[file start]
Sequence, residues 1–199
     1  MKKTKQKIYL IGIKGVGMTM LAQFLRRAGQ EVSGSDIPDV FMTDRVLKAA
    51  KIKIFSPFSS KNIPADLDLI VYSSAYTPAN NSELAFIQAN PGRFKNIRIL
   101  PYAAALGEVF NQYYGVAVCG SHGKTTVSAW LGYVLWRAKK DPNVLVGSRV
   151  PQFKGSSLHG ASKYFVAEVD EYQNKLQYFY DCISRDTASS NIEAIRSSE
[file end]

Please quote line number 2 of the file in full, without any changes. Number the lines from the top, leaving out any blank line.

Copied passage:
     1  MKKTKQKIYL IGIKGVGMTM LAQFLRRAGQ EVSGSDIPDV FMTDRVLKAA